Anne Briggs - Biography



In the 1960s and ‘70s, folk singer Anne Briggs sang a repertoire of traditional ballads with a striking and startling voice throughout the British Isles, earning near universal acclaim in the process. Though she had an influential and vocal chorus of supporters, she was apparently less interested in trying to make a career of music and after tentatively moving into singer-songwriter material, dropped out of the music scene entirely.

 

Anne Patricia Briggs was born in Toton, Nottinghamshire (in the East Midlands) on 29th September 1944, about 30 miles from the famous Sherwood Forest shire wood of Robin Hood fame, appropriate for someone who would later gravitate toward age-old traditional music and a pastoral nomadicism. When Anne was still young, her mother died of consumption and shortly after her father was seriously injured in combat as World War II drew to a close. Thus Anne was sent off to be raised by her aunt Hilda and uncle Bill whom she lived with alongside another aunt, Beryl, and her daughter Betty.

 

In 1959, the spontaneous and adventurous teen and a friend, attracted by the burgeoning Scottish folk revival, rode their bicycles to Auld Reekie. There they met Archie Fisher, who as part of the Fisher Family had established himself as a key figure in the traditional Scottish scene. In 1960, he opened a folk club, The Howff which soon became a key venue around which the scene coalesced. One of the club’s regulars, fellow Scottish folkie, Bert Jansch, was introduced to Briggs through Fisher. After hitting it off, Briggs taught Jansch the Irish folk tune, “Blackwaterside,” the English ballad, “Reynardine” and others.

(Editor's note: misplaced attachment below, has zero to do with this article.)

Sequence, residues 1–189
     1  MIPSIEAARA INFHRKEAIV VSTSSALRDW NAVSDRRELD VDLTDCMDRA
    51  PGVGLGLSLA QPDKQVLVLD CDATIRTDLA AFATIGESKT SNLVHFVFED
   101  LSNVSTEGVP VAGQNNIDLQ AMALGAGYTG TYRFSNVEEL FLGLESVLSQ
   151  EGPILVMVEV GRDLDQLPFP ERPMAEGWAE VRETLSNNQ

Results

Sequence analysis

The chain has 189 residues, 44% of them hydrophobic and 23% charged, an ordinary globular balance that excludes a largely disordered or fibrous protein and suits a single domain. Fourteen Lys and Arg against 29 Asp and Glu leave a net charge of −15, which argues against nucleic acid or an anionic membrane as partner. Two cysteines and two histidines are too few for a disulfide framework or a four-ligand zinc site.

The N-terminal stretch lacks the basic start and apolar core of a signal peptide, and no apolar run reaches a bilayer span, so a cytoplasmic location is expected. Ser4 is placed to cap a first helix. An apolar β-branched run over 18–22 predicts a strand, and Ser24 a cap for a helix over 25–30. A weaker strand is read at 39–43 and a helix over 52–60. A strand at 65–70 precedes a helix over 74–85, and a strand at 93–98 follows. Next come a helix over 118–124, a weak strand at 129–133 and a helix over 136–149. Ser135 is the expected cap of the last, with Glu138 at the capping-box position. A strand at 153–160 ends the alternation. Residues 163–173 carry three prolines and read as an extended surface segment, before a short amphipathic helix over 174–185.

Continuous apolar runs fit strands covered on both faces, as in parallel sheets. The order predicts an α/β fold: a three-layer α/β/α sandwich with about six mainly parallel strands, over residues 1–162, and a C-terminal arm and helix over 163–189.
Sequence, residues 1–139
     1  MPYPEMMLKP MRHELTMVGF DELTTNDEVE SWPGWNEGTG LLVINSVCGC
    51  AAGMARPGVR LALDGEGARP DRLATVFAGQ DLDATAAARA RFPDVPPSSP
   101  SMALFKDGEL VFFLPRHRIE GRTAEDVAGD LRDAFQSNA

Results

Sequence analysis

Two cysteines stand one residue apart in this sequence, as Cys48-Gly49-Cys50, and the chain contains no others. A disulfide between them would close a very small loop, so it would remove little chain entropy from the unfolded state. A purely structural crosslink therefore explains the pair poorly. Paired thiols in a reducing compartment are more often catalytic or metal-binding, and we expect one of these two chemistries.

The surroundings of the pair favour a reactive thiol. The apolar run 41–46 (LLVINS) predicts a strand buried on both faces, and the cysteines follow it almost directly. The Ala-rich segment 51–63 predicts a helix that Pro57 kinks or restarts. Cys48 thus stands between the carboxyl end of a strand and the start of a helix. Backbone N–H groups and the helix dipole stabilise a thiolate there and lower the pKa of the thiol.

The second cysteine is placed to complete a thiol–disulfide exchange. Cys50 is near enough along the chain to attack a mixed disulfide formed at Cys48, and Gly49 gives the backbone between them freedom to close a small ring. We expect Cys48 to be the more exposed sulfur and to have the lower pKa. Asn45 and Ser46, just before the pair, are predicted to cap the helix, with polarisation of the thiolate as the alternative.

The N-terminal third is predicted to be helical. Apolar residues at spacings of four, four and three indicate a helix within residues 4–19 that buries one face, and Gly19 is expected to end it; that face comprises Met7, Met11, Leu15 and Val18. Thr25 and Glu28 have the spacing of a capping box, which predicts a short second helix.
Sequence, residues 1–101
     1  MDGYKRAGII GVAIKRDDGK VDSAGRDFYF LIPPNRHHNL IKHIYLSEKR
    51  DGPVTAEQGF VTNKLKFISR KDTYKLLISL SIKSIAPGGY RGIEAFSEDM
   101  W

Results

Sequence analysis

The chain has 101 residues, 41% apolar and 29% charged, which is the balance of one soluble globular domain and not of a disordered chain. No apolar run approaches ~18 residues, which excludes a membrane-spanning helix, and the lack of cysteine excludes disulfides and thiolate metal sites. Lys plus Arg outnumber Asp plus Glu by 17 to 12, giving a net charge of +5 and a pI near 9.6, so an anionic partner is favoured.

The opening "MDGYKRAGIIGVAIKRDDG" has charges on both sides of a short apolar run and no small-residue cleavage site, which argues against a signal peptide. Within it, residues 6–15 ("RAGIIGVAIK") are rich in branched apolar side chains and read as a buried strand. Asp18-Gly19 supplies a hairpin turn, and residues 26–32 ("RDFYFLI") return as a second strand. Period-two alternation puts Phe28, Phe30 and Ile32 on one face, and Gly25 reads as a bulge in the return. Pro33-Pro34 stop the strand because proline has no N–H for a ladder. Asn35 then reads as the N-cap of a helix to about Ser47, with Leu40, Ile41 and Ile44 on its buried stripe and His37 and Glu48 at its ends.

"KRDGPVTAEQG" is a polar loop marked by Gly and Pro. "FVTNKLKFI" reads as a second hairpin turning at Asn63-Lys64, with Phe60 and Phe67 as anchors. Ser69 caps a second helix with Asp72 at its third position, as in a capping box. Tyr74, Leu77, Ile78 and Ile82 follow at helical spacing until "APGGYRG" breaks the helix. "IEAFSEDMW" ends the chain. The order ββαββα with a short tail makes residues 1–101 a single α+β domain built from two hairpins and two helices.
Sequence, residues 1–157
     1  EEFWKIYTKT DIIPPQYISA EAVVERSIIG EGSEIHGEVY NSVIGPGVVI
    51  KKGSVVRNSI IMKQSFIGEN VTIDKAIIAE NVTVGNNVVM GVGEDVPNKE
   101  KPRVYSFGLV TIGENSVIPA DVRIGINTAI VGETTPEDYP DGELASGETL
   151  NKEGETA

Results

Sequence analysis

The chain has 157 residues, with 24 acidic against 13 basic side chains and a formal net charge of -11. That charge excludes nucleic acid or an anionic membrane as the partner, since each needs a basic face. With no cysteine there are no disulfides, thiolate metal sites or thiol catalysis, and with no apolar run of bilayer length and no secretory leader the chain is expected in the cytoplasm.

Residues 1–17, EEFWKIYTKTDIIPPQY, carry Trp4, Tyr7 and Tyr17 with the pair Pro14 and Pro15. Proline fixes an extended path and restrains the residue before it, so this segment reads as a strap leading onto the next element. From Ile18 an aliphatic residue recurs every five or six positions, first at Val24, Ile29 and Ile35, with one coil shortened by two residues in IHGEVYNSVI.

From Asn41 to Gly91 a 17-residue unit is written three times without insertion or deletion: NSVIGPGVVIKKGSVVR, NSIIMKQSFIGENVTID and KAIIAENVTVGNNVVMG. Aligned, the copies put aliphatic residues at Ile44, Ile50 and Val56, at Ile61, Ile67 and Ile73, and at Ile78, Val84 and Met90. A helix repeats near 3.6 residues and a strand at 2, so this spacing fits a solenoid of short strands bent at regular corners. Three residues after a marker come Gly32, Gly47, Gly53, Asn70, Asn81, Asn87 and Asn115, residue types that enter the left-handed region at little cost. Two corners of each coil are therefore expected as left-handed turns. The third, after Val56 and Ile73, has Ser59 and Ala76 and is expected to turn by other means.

In 1962, the Trades Union Congress passed "Resolution 42," which sought to encourage the development of British culture beyond London. Under the leadership of kitchen sink dramatist (and Londoner) Arnold Wesker , Scottish folksinger Ewan MacColl, English folksinger A.L. “Bert” Lloyd and producer Charles Parker, Centre 42, toured around Britannia on a quest for local talent. At their stop in Nottingham, they heard Anne Briggs singing the renaissance-era tune, “Let No Man Steal Your Thyme” and the Irish ballad, “She Moves Through the Fair” which resulted in her being invited to perform. In addition, Centre 42 offered the seventeen-year-old an administrative job and position as a touring member of the unit. Later that year, back in London, A.L. Lloyd oversaw the recording of The Iron Muse - a Panorama of Industrial Folk Song (1963 Topic Records) which contained two contributions by Briggs, “The Recruited Collier” and “The Doffing Mistress.”

 

The following year, 1963, Briggs and Jansch squatted together in Earl’s Court before moving to a house on Somali Road where lived another talent folkie, John Renbourn. Briggs’ solo debut, recorded that year, was released the following August, The Hazards of Love EP (1964 Topic Record). Though acquainted with several talented musicians, the album was unembellished by instrumentation. Instead, it showcased Brigg’s brilliant, untarnished readings of the four traditional songs in the raw.